With regard to the Nov. 25 article titled: “ADIZs common but China’s is worrisome,” I’d like to add my two pence worth.

First, I find Japan’s protests in this matter somewhat ironic. Japan refuses to acknowledge the existence of a dispute with China over the Senkaku/Diaoyu Islands, and has thus rejected China’s requests to negotiate over the issue.

Second, China has now created an air defense identification zone (ADIZ) around the islands. Japan, ironically, now does have a dispute with China over the ADIZ, even though it stubbornly refuses to acknowledge a dispute exists over the islands.

Third, the United States has offered to support Japan in the dispute if things turn ugly, while encouraging both sides to reach a peaceful solution. That solution will prove elusive as long as Japan refuses to negotiate.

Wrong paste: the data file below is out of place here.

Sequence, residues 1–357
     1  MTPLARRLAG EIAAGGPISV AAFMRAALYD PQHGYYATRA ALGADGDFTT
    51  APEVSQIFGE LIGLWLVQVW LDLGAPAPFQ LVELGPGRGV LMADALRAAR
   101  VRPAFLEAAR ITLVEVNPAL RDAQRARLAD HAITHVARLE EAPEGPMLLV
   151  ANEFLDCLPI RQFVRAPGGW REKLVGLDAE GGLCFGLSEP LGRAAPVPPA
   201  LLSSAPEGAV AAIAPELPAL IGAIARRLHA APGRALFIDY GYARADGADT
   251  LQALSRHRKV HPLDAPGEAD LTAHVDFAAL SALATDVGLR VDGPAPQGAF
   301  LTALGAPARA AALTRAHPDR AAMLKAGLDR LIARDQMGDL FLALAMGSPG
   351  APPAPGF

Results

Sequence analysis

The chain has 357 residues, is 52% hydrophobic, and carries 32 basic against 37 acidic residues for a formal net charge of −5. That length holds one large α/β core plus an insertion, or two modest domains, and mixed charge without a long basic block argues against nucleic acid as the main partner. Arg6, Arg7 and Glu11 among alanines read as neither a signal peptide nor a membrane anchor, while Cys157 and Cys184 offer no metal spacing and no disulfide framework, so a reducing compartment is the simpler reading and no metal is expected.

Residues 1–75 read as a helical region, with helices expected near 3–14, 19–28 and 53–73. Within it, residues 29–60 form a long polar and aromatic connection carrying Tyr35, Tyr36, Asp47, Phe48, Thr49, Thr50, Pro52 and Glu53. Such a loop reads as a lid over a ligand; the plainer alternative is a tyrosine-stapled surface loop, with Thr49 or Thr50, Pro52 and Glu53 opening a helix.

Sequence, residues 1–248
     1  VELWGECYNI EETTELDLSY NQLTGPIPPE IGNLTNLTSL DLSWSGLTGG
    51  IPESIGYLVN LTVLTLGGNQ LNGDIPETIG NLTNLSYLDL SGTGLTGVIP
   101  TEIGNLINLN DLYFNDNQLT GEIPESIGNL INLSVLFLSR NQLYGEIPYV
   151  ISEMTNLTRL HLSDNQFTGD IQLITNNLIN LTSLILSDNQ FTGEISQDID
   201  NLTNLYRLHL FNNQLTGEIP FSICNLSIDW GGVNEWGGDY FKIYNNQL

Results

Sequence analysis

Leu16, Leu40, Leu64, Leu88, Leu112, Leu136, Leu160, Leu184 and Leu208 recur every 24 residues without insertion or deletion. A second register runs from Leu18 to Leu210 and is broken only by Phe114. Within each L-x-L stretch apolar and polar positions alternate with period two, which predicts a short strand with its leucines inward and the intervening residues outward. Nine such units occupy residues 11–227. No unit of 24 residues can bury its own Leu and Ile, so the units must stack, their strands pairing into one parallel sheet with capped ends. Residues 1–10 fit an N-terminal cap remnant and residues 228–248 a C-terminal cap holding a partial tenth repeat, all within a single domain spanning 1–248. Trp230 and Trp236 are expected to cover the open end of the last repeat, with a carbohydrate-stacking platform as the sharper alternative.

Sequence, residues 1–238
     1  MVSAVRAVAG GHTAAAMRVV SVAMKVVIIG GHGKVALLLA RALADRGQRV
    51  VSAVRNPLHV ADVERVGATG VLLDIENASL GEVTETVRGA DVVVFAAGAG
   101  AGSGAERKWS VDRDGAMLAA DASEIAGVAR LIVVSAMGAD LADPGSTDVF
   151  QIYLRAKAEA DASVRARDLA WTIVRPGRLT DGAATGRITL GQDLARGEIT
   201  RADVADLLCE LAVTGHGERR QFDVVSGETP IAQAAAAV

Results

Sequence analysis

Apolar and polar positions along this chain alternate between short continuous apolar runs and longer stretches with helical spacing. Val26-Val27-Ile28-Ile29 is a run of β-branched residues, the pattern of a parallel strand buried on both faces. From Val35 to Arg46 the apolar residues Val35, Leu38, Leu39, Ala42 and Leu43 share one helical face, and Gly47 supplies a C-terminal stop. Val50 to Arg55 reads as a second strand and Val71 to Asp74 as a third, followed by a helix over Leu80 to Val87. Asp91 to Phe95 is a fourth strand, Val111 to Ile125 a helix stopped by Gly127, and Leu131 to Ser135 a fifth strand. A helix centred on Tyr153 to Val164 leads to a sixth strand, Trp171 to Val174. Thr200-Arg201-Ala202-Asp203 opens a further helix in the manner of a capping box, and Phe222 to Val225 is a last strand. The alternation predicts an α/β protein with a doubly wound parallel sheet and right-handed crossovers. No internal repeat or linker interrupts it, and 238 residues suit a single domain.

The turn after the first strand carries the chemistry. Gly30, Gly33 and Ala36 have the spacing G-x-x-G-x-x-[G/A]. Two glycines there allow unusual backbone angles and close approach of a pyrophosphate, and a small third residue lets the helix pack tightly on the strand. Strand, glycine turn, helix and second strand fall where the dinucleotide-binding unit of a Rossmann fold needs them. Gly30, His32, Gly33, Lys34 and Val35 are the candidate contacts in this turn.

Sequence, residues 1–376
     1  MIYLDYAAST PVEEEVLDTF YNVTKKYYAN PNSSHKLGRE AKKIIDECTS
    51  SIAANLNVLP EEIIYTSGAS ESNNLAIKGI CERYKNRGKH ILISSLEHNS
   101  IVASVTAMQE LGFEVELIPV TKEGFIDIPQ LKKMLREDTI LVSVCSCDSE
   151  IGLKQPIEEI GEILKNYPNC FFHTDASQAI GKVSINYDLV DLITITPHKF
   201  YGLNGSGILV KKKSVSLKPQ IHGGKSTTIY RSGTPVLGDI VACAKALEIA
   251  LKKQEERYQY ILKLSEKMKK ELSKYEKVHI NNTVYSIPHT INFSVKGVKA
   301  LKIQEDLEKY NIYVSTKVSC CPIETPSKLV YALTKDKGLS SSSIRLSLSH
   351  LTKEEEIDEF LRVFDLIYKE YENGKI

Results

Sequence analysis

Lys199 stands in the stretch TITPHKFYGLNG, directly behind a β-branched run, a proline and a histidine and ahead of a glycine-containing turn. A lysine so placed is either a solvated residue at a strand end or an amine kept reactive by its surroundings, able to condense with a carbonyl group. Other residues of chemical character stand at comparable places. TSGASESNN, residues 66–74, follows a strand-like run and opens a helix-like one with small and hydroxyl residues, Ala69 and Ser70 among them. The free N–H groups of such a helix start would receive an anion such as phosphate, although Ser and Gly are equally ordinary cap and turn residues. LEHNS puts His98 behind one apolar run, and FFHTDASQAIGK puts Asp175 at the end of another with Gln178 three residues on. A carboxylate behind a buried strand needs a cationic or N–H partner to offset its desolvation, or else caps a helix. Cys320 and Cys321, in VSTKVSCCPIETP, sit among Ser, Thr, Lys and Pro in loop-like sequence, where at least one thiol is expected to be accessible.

Prime Minister Shinzo Abe likes to compare his dispute with China to British Prime Minister Margaret Thatcher and the Falkland Islands. The difference is that at the time of the 1982 war between the United Kingdom and Argentina there were British subjects on the Falkland Islands (and still are). The same can’t be said for the Senkaku/Diaouyu Islands. Abe no doubt feels the situation with China suits his aims to amend the Constitution’s war-renouncing Article 9, but I hope sensible heads prevail.

Perth, Australia

The opinions expressed in this letter to the editor are the writer’s own and do not necessarily reflect the policies of The Japan Times.

In a time of both misinformation and too much information, quality journalism is more crucial than ever.
By subscribing, you can help us get the story right.